The National Register of Historic Places-listed King William Historic District is generally located between the San Antonio River, Cesar Chavez Boulevard, South St. Mary’s Street, and South Alamo Street. The King William Local Historic District and neighborhood also includes the National Register of Historic Places-listed South Alamo Street-South St. Mary’s Street Historic District located west of South Alamo Street. Most of the houses within the district were built between 1850 and 1899, and in comparison to most of those located south of South Alamo Street, the houses are larger, more ornate, and are situated on larger lots (Bell and Williamson 1971).
This area of San Antonio was originally part of agricultural lands that belonged to Mission Valero (the Alamo) and remained a largely agricultural area until landowners began selling off the highly desirable land to developers Thomas Devine and Newton Mitchell during the 1840s. The developers then subdivided the land into lots and resold it over time (Bell and Williamson 1971; Taylor and Taylor n.d.).
The neighborhood was first platted and streets were laid out between 1853 and 1859 including King William Street, which is said to have been named after Wilhelm I, King of Prussia. One of the first residents of the neighborhood was Carl Guenther, a German miller, who established his home and mill in the south end of the area in 1859. Over time, several additions were built onto the original Guenther House which can be seen from the Mission Trails hike-and-bike trail corridor. Other prosperous German immigrants, many of whom had come to Texas during the 1840s, later followed suit and built homes in the neighborhood. Growth was slow during the late 1850s and 1860s, and most of the homes that were built during this time were located in the northwest portion of the neighborhood. The majority of these early homes were small, one-story raised cottages or caliche block houses (Bell and Williamson 1971).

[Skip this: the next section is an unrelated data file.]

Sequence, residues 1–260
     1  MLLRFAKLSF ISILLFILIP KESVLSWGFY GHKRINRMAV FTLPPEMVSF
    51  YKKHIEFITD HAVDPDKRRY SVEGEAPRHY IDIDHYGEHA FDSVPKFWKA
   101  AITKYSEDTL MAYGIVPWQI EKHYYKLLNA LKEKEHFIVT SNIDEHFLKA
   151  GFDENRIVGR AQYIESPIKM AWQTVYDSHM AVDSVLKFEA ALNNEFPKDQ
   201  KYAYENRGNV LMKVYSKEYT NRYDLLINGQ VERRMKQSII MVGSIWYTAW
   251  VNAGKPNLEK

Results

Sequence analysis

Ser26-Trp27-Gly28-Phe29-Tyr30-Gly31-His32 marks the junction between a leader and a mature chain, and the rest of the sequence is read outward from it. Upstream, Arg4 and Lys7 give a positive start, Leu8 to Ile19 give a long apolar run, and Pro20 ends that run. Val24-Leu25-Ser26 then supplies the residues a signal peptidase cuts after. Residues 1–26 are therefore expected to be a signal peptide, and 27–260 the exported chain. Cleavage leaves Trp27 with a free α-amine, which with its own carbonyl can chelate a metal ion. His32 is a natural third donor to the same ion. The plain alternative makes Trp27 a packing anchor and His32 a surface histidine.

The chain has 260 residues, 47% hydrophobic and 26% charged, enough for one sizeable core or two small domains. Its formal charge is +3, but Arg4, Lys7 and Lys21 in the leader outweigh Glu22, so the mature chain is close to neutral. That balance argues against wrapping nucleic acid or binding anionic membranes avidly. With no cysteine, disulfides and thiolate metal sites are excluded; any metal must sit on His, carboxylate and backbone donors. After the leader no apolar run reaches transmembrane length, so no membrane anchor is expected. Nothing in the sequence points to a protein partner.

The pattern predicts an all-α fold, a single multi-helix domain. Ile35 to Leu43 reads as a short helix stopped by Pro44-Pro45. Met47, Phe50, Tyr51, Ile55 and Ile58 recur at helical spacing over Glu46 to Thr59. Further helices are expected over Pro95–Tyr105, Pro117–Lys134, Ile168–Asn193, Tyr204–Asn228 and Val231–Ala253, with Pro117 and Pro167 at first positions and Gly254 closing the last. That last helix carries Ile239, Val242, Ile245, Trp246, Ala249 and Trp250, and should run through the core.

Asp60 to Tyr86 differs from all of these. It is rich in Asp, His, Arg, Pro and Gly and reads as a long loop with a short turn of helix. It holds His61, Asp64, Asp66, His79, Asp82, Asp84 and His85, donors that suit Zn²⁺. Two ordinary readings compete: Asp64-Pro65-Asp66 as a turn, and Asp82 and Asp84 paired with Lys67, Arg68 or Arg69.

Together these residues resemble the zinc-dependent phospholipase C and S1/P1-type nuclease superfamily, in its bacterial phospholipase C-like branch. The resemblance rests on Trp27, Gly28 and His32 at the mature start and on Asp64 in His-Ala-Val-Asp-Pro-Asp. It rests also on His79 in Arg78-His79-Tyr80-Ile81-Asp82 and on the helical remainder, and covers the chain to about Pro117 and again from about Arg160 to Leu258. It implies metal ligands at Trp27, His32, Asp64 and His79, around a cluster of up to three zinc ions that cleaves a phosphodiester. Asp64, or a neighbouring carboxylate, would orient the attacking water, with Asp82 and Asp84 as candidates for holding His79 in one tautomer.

Devine subdivided the remaining part of his riverfront property in 1865, after which date more German immigrants purchased lots and built homes in the neighborhood near the San Antonio River. The majority of development occurred during the 1870s and 1880s and continued generally southward along King William Street. In contrast to the earliest homes built in the King William District, these houses were much grander in size and ornamentation and were designed specifically for the homeowner by builders and architects including Alfred Giles and James Riley Gordon. These later structures feature various types of building construction and several popular architectural styles of the time period, a few of which can be seen from the Mission Trails hike-and-bike trail corridor (Bell and Williamson 1971).
The Steves Homestead (1876) is a two-story, smooth finished limestone home of Second Empire design and features a mansard roof, which is a hallmark of the style. The house is currently open to the public as a house museum. The Harnish House (1884) and the Schuchard House (1892) are two-story, brick homes that share characteristics of the Queen Anne style including an asymmetrical plan, broad porches, and intricate wood scrollwork.